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Isometrics Vs Weights
 
 
John Peterson John Peterson is offline
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10-31-2019, 01:02 PM
 
Hello Everyone,

Got a few phone calls today asking about the Isometric Power Belt and yes I am serious about having it out before Christmas.

Anyway, I also had a man ask me if Isometric Contraction is a replacement for lifting weights.

My answer is that Isometric Contraction is not a replacement for anything.

Isometric Contraction is Isometric Contraction. As a method of exercise, it activates more muscle fibers 'at will' than any other method. BUT realize that 'at will' is the key to Isometric Training and is literally self-directed 'MIND CONTROL TRAINING' . That is why Mike Dayton called his method of free-hand Isometric Contractions 'CHI MIND CONTROL'. CHI literally translates to 'Life Force'. Add to it 'Mind Control' and you realize that Mr. Dayton was literally teaching his students self directed 'mind control' . Properly applied to whatever endeavor you are trying to master Isometric Contraction can/will develop superior levels of strength in a fraction of the time that conventional weight training, machines, or calisthenics does.

I was told by Coach James Baley, the man that invented the original Isometric Power Belt that Isometric Contraction when properly applied surpasses EVERY other method of training for MIND/BODY DEVELOPMENT and he pointed to Lou Riecke's setting a world record in 'The Snatch' Olympic Lift in 1964 as an example of Isometric mastery. He pointed out that more than any other lift or athletic pursuit that 'The Snatch' requires one to be able to activate the maximum number of muscle fibers and that SPEED is of the essence to achieving success in that lift. Baley told me that 'steroids' had nothing to do with Riecke's speed but that it was mastery of Isometric Contraction that allowed Lou Riecke to achieve the world record of 325 pounds at a bodyweight of 181. Coach Baley also believed that one could contract at a level of intensity that surpassed the heaviest weight one could lift and hence be capable of setting new records. In fact, Baley told me that in a conversation he personally had had with Riecke that he was told that Riecke applied Isometric Contraction at three specific points in the Snatch for a grand total of 36 seconds (Riecke used 12-second contractions). Baley also mentioned in virtually every conversation that I ever had with him that Isometrics caused 'Zero Compression' to one's spine and because the contractions were at fixed positions one could go to his absolute limit because there was no energy spent in getting 'the weight' to the position in which the contraction was applied. He was also clear that one could then apply maximum strength without fear of being crushed or losing control and having an accident as could and often did/does happen with weights.

Now, getting back to the question, 'Is isometric Contraction a replacement for lifting weights?' The answer is, 'NO'! It can certainly help one to become a better lifter or enhance one's speed for other endeavors when properly applied but more than anything ISOMETRIC CONTRACTION will give one a level of MIND/MUSCLE CONTROL that is beyond any other method of training.

Can it be used instead of weights or any other method to maximize strength and muscularity? If one's goal is too achieve a 'ripped' physique without regard for adding a great deal of muscle mass or size that answer is YES! In fact, Arnold Schwarzenegger, in his book 'Education of Bodybuilder' stated Isometric posing was what was used to bring out shape and definition for a contest AFTER one had built the maximum amount of muscle mass. The exercises I feature in Isometric Power Revolution are exactly those same exercises.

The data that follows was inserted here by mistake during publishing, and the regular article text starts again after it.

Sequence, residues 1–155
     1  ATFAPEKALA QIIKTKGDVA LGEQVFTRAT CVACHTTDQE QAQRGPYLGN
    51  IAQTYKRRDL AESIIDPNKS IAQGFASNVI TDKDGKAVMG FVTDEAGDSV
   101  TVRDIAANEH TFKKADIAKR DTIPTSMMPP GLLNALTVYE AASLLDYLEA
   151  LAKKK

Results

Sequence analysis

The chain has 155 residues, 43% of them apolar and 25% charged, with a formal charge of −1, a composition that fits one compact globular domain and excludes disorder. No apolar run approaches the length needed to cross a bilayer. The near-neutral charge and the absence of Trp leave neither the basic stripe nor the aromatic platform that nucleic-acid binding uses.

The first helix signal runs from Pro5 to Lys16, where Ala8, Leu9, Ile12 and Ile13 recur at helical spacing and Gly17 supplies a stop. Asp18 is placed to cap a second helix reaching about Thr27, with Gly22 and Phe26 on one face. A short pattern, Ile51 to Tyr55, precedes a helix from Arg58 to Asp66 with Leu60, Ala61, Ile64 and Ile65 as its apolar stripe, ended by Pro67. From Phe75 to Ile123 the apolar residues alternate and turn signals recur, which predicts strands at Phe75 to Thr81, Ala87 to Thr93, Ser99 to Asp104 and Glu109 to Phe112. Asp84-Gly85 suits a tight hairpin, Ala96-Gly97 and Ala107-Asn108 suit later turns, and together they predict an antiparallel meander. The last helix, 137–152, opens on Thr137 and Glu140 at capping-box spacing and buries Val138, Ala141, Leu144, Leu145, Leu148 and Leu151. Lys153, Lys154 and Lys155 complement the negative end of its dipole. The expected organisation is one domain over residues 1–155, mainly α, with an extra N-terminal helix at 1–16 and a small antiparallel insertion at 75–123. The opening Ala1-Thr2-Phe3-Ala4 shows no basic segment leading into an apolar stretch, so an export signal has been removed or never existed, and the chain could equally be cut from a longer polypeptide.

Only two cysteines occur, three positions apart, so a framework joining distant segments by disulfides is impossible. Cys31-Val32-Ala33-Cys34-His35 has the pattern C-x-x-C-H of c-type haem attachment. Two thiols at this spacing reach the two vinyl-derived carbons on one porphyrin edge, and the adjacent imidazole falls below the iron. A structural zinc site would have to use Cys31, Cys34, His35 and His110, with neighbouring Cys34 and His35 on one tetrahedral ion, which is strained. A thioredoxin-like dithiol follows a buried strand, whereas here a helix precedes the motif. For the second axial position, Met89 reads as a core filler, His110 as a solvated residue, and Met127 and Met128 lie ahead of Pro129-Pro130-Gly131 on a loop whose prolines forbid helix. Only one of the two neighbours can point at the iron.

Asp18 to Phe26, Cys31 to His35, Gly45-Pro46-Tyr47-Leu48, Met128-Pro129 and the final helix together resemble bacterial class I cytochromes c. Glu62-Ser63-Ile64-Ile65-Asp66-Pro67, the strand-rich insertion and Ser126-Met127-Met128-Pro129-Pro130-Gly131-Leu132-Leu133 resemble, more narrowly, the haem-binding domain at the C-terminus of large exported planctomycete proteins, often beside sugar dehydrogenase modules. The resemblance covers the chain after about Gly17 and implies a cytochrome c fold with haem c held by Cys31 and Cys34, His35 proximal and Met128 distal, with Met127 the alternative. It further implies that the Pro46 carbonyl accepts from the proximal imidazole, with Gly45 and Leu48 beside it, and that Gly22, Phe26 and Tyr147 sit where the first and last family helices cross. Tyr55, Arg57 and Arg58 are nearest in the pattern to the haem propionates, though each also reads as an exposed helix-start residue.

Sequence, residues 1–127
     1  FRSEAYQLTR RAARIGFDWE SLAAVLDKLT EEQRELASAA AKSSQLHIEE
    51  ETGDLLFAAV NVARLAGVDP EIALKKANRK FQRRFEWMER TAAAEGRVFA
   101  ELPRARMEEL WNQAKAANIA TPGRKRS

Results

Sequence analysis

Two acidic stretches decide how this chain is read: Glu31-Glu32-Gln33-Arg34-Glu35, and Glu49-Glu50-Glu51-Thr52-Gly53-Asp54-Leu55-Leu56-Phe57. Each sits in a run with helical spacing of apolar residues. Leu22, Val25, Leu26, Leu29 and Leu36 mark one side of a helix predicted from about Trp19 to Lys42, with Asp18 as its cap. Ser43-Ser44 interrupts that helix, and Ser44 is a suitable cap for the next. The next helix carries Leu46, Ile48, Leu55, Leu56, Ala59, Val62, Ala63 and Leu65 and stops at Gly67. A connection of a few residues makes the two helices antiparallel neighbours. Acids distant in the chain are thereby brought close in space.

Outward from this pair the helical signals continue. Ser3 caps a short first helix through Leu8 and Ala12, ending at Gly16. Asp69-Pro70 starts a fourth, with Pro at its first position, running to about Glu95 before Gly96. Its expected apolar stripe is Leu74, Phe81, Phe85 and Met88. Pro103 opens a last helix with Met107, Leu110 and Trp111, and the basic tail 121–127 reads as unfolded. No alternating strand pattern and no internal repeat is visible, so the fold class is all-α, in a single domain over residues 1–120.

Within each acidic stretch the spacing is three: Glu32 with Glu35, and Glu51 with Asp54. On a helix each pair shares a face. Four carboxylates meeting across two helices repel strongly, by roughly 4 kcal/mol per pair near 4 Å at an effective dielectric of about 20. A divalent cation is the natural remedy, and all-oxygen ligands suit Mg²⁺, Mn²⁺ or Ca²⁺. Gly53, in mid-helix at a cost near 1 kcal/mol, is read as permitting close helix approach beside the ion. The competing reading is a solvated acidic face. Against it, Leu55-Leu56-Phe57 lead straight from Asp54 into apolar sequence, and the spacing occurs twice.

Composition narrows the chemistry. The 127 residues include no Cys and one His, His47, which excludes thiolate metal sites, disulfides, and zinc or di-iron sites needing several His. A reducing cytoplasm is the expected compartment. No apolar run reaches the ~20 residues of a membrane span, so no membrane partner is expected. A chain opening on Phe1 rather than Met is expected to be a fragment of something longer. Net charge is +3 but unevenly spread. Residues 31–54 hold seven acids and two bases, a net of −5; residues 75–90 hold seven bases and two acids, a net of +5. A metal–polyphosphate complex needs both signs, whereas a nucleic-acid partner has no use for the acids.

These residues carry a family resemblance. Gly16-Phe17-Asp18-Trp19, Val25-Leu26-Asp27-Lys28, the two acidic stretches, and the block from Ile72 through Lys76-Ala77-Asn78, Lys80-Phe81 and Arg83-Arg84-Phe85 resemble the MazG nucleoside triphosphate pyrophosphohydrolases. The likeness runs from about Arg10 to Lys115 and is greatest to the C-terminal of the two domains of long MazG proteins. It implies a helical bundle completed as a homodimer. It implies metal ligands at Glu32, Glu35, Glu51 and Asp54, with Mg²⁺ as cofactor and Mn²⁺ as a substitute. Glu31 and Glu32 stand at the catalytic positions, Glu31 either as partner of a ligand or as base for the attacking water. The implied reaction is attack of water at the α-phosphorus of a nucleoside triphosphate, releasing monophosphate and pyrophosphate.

---John Peterson
 
 
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gbjj gbjj is offline
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11-01-2019, 09:21 AM
 
So I've been doing a chest routine every day for several weeks now ( Started out with the Atlas routine, then started to integrate PYTP variations). It's been great and I've made some great progress, not where my ultimate goal is for my pushups, but making great strides.

I'm toying with the idea of changing it up now to only do the Pushups and then turn the other atlas and PYTP exercises into 3 stage ISO's ( at 3 angles each).

Have you experimented with this John? Or anyone else for that matter..
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11-01-2019, 03:30 PM
 
Hello gbjj,

The one-man that I saw literally do what you are suggesting in your post was my Uncle Milo. He started doing that with the Charles Atlas exercises after he read an extensive article about President Kennedy being prescribed 'Isometrics' in 1962, by White House Physicians. In the article, President Kennedy was quoted as having said, "These are just like the Charles Atlas exercises I did to get in shape for the Navy." Milo read the article and then went to the library to learn everything possible about isometrics and he even ordered his own copy of 'The Physiology of Strength' by Theodore Hettinger that I feature here in the classics section on our forum. He began that same day he read the article to do Isometrics. He got so ripped as a result of Isometrics that he looked like an anatomy chart. But get this, even though he got totally ripped because of his obsessive commitment to isometrics and looked as though someone had pulled skin over muscles he did not lose an ounce of actual bodyweight but had, in fact, gained 3 pounds during that first year of Isometric training. This was at a time that bodybuilders were just big and not ripped. It was amazing how many young guys at Lake Calhoun wanted to know his secrets. Rather than use the term 'Isometrics' he just told people that he did 'Dynamic Tension' exercises. Lots of people said that he lifted weights to which he would respond, "Well, I sure lift my own body a lot."